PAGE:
One final factor in the underdiagnosis of girls is a behavior known as camouflaging. Camouflaging refers to masking social impairment or behaviors to fit society’s standards. Due to gender expectations, women feel more pressure than men to conform to societal norms; therefore, females are more likely to engage in camouflaging behavior. Camouflaging, or masking, can occur in girls as young as 7-8, making it harder for parents to notice and report irregularities in their child’s behavior if they have not already been diagnosed.
Dr Amit Jha, a doctor at Kanti’s child and adolescent psychiatric unit, observed that family members sometimes normalize symptoms of autism in girls, accounting for a girl’s social withdrawal to being “shy.” Ignoring autism symptoms early on can lead to late diagnosis, which is detrimental to a child’s health in numerous ways. As mentioned earlier, behaviors like camouflaging can arise and delay a diagnosis for even longer.
So what is the importance of an early diagnosis? Younger minds have a higher level of brain plasticity, or the brain's ability to adapt and change. Therefore, the sooner autism is diagnosed and cared for, the more effective treatment will be. Sita Koirala (name changed) pushed her family to seek a diagnosis for her two-year-old sister after she started developing signs of autism. After much resistance from her family, they booked an appointment, only to be told she was fine.
As time passed and her symptoms worsened, they booked another consultation and finally got an official autism diagnosis. Now, her sister is receiving treatment and slowly improving her communication and social skills. However, it’s hard not to wonder if further intervention could have occurred if she had been diagnosed correctly the first time around and how a delayed diagnosis impacted her lifelong development.
All this new research raises the question of why autism presents differently in females. Dr Supekar and Dr Menon from Stanford School of Medicine sought the answer with a brain mapping study. His research found discrepancies between the male and female motor cortex, supplementary motor cortex, and a portion of the cerebellum, brain areas responsible for motor function. Dr Supekar hypothesized that these differences could account for the disparity in typical symptoms of autism, such as hand flapping and repetitive behaviors. Another doctor in the study, Dr Menon, adds: “Girls and boys with autism differ in their clinical and neurobiological characteristics, and their brains are patterned in ways that contribute differently to behavioral impairments.”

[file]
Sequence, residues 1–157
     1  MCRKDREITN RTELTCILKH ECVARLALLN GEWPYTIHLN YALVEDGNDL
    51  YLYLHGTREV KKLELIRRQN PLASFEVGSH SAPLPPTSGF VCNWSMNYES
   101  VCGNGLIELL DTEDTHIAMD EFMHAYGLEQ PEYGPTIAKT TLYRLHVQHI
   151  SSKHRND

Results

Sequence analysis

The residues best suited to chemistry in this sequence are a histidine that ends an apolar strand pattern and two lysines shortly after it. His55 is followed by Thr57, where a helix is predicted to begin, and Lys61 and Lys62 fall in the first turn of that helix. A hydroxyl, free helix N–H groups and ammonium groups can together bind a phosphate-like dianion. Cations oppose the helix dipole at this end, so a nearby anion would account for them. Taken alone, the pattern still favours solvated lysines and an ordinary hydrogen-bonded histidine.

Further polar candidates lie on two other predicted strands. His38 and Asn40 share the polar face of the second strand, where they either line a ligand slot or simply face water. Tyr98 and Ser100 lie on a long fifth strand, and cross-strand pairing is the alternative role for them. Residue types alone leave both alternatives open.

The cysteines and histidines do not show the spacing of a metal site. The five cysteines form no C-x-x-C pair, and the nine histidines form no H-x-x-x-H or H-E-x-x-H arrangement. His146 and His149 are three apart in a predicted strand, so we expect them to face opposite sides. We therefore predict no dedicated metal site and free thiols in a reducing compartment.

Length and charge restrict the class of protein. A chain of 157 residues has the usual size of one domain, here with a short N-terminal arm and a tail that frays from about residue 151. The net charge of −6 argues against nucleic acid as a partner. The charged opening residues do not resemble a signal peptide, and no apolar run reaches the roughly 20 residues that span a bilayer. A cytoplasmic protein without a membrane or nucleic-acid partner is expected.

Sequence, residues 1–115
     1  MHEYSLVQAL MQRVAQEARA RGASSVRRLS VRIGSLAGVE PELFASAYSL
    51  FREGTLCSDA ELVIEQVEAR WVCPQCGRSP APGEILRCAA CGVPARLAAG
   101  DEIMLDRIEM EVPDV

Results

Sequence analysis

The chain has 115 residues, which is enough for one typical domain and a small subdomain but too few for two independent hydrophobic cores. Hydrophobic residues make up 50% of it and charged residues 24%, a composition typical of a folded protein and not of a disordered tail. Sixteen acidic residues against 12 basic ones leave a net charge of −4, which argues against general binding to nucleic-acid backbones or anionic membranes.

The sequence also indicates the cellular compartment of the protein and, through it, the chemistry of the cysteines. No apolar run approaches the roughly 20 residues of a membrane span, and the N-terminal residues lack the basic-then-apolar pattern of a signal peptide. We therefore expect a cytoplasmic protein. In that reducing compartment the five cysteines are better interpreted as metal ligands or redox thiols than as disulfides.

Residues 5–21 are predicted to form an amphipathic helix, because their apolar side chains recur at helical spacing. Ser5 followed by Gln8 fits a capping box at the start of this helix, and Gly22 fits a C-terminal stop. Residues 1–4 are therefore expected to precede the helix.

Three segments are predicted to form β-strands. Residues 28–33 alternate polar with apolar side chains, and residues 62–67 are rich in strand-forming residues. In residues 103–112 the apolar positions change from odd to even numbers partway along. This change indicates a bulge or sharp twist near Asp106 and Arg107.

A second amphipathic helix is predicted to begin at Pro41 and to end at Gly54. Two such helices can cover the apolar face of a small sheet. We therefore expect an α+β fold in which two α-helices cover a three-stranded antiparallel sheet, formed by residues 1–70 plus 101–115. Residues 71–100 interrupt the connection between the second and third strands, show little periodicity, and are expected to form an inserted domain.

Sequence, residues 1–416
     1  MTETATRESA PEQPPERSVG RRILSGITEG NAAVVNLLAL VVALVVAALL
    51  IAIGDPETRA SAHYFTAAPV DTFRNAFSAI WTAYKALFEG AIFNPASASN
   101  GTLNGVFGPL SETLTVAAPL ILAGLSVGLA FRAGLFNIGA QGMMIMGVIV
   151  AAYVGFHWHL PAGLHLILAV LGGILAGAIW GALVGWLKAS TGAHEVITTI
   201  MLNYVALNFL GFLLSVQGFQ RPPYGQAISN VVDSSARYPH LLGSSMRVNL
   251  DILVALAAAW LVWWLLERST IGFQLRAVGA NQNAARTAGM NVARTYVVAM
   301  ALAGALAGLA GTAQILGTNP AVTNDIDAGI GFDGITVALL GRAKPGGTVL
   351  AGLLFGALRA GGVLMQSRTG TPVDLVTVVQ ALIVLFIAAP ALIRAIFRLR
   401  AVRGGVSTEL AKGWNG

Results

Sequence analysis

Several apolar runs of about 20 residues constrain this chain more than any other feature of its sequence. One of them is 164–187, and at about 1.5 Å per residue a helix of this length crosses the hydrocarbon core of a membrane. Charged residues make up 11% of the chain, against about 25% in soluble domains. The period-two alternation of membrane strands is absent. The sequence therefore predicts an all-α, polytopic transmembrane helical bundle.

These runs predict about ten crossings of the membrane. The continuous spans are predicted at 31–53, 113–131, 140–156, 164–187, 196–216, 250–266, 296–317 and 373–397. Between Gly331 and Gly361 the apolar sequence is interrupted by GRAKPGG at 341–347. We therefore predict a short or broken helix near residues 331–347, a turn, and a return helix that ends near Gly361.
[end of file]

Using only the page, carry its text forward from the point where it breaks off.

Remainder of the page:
At the end of the study, Dr Supekar concludes: “The discovery of gender differences in both behavioral and brain measures suggests that clinicians may want to focus diagnosis and treatments for autistic girls differently than boys.” While this is just a single study and cannot be used to draw definitive conclusions, it is a promising explanation as to why autism presents itself differently in male and female brains.
To put it simply, the existing measures of autism could have a higher validity for boys than girls, resulting in missed and late diagnoses. While part of the ratio between diagnosed boys and girls with autism is due to biological differences, the global ratio is likely 3:1 rather than the current accepted ratio of 4:1. The children missed during diagnosis fall into a group that doesn’t show stereotypical autistic traits and risk spending their whole life struggling with an undiagnosed condition.
It should also be noted that while the 4:1 ratio is a global statistic—and there is not enough data collected in Nepal to create a country-wide metric—it is safe to assume that the ratio of diagnosed girls to boys is even higher due to Nepal’s already gender-biased culture. Mental health is still an emerging field in Nepal. Therefore, if this issue can be addressed sooner rather than later, the gap can be closed through further research, awareness, and capacity building. To treat our girls and boys equally, their conditions need to be looked at differently. Every stakeholder, from government to clinicians to family members, can help ensure every girl gets the treatment she deserves.